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RE: Going Digital... Ham Radio?



> I have experimented with digital communications including 
> packet, PSK31, and 
> APRS.  I have found them to be fascinating from a hobby/experimenter 
> standpoint, but like many others aspects of ham radio, of 
> limited practical 

Of those, I see a lot of value in APRS myself, especially when adding
satellite capabilities into the mix.  I guess, coming from a large country
full of wide open spaces, I can immediately see how satellites can open up
APRS, as well as the utility and even potential life saving value of such a
system in the Australian outback. 

> value.  I'm not saying that anything is wrong with that.  
> It's just that 
> sometimes we like to make an argument for an application with its 
> practicality in mind and as soon as we begin to do that, it 
> naturally gets 
> compared with a similar commercial service.

One thing about ham radio is it doesn't have to have more practicality than
the curiosity of a sufficient number of people to want to try it. :-)

> I was wondering how hams could use our operating privileges 
> to take advantage 
> of high speed wireless connections.  One compelling 
> application that comes to 
> mind is wireless Internet surfing.  But would there be a 
> problem with that?  
> For example, much of what you can do on the Internet has a 
> commercial nature. 

I see lots of potential problems with this application, and down here, it
would never fly.  Our limitations are more restrictive than those in the US.
However, I do see the potential for medium to high speed data networks that
tie in with existing packet and analog systems.  There is currently, for
example, a lot of voice over IP technology out there, some of it is open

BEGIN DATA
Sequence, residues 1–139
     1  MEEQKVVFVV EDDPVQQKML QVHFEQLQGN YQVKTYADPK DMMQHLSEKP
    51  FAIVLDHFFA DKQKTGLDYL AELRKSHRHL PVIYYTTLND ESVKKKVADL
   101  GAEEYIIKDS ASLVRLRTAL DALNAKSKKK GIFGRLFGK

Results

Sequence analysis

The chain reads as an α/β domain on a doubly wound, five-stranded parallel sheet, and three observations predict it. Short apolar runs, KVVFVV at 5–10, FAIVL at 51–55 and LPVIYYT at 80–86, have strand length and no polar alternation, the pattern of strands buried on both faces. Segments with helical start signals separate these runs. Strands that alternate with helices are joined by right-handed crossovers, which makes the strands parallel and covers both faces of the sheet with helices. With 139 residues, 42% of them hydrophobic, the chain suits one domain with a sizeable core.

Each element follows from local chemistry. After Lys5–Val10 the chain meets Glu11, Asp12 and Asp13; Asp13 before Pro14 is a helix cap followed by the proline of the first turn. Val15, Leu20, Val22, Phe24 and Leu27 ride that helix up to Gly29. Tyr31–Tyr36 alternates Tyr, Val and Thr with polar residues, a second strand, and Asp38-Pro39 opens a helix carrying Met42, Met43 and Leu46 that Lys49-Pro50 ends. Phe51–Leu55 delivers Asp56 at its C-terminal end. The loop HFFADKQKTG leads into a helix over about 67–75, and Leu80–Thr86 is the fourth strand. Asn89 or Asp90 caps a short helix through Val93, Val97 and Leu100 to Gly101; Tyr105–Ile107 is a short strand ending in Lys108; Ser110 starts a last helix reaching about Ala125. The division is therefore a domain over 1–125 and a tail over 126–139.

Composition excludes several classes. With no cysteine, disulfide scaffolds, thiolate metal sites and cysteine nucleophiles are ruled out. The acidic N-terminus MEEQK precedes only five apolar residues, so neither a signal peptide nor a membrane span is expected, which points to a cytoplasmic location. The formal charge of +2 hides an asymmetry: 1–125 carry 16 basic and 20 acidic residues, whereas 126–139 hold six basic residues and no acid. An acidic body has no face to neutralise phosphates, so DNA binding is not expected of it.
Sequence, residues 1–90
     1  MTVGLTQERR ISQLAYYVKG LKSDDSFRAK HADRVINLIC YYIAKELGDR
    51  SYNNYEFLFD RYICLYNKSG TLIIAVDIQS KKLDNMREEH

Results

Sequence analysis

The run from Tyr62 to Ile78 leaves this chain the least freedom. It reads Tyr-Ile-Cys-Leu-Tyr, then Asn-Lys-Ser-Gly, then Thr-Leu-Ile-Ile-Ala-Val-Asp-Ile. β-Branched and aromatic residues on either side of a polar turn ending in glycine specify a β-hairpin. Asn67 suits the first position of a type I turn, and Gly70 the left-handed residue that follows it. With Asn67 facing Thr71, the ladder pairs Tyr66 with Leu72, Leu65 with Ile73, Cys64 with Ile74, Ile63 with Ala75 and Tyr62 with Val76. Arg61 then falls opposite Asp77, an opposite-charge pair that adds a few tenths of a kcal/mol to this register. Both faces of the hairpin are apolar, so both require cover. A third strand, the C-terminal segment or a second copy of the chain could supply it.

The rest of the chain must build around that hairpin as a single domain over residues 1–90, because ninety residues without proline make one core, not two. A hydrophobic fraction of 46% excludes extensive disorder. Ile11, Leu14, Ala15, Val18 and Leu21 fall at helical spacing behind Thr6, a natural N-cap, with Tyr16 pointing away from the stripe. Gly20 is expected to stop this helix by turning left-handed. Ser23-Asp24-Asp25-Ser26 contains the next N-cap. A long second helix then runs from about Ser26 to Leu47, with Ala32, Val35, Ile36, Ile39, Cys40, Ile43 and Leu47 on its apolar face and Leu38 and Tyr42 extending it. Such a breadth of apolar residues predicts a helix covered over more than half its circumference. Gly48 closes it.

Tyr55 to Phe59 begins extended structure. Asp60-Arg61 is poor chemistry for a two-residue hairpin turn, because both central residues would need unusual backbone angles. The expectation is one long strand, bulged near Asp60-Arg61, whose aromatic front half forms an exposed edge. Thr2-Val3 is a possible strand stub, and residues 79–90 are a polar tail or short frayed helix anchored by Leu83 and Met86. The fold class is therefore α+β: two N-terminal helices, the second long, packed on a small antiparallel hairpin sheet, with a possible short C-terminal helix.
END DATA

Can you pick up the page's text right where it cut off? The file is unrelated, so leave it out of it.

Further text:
source.  Multicast voice over IP on a network designed for that purpose
could have some interesting applications, such as ad hoc, remotely
configurable repeater linking.  

> Even though wireless Internet communications would be a compelling 
> application, is it even possible to put up the infrastructure 
> to make it 
> work?  It might be easy enough to do it on a local scale, but 
> suppose I 
> wanted to access the service from the back country in 
> Colorado or even 

These are issues we have to deal with.  Perhaps, we might have to accept
that we can't do everything on an amateur budget.  Afterall, the issues down
here are much more severe (low population density and very large distances
between sites).

Satellites certainly offer some things, and for intermittent use
applications such as APRS, LEOs are a good way to go, especially if we
could, in the long term, get a constellation of LEOs all running on the same
frequency pair.

For the "heavier duty" data transmission, things get somewhat more complex
and we run into the limitations of an amateur budget.  Does this make it
unfeasible?  Not necessarily, if someone finds a creative solution, but for
the moment, some things will remain a pipe dream until someone finds a way
that is practical for amateurs.

Mind you, in a country like Australia, the value of HF cannot be overlooked,
to provide limited service to remote areas.  Again, let's use all that we
have to our advantage.

> Granted there are already non-licensed Internet appliances 
> which operate on 
> ham frequencies, but with the restrictions of low power and 
> short distance.  
> What can we do with the extra power and antenna privileges we 
> have that 
> cannot currently be done with the unlicensed devices?

A couple of us down here are trying to get more info on these devices to
look at the feasibility of adapting them to ham use.  However, it is very
much a background project at this stage.  Sort of an "any interesting info
appreciated" basis, at this stage.

> We sometimes look around the hobby and wonder why more people 
> are not taking 
> advantage of all the technologies we have available to the 
> ham community.  I 
> think it's because we are all waiting for the next 'killer 
> app' to come 

I guess that's part of modern life.  We've become so used so some corporate
giant offering that killer app, we've forgotten our own imaginations and
resourcefulness and got lazy. :-)

> that, the first round of packet arrived before pervasive 
> Internet connections 
> and made email and BBS applications practical.  In a way, it was the 
> predecessor to the Internet.  

Indeed.  I was having international chat via packet a few years before the
Internet became popular.  Mind you, it did rely on the Internet (wormhole),
but at the time, it was something most people could only dream of.

> What can the ham radio community do for an encore?

Time will tell, but just quietly, I feel we will come up with something. :-)
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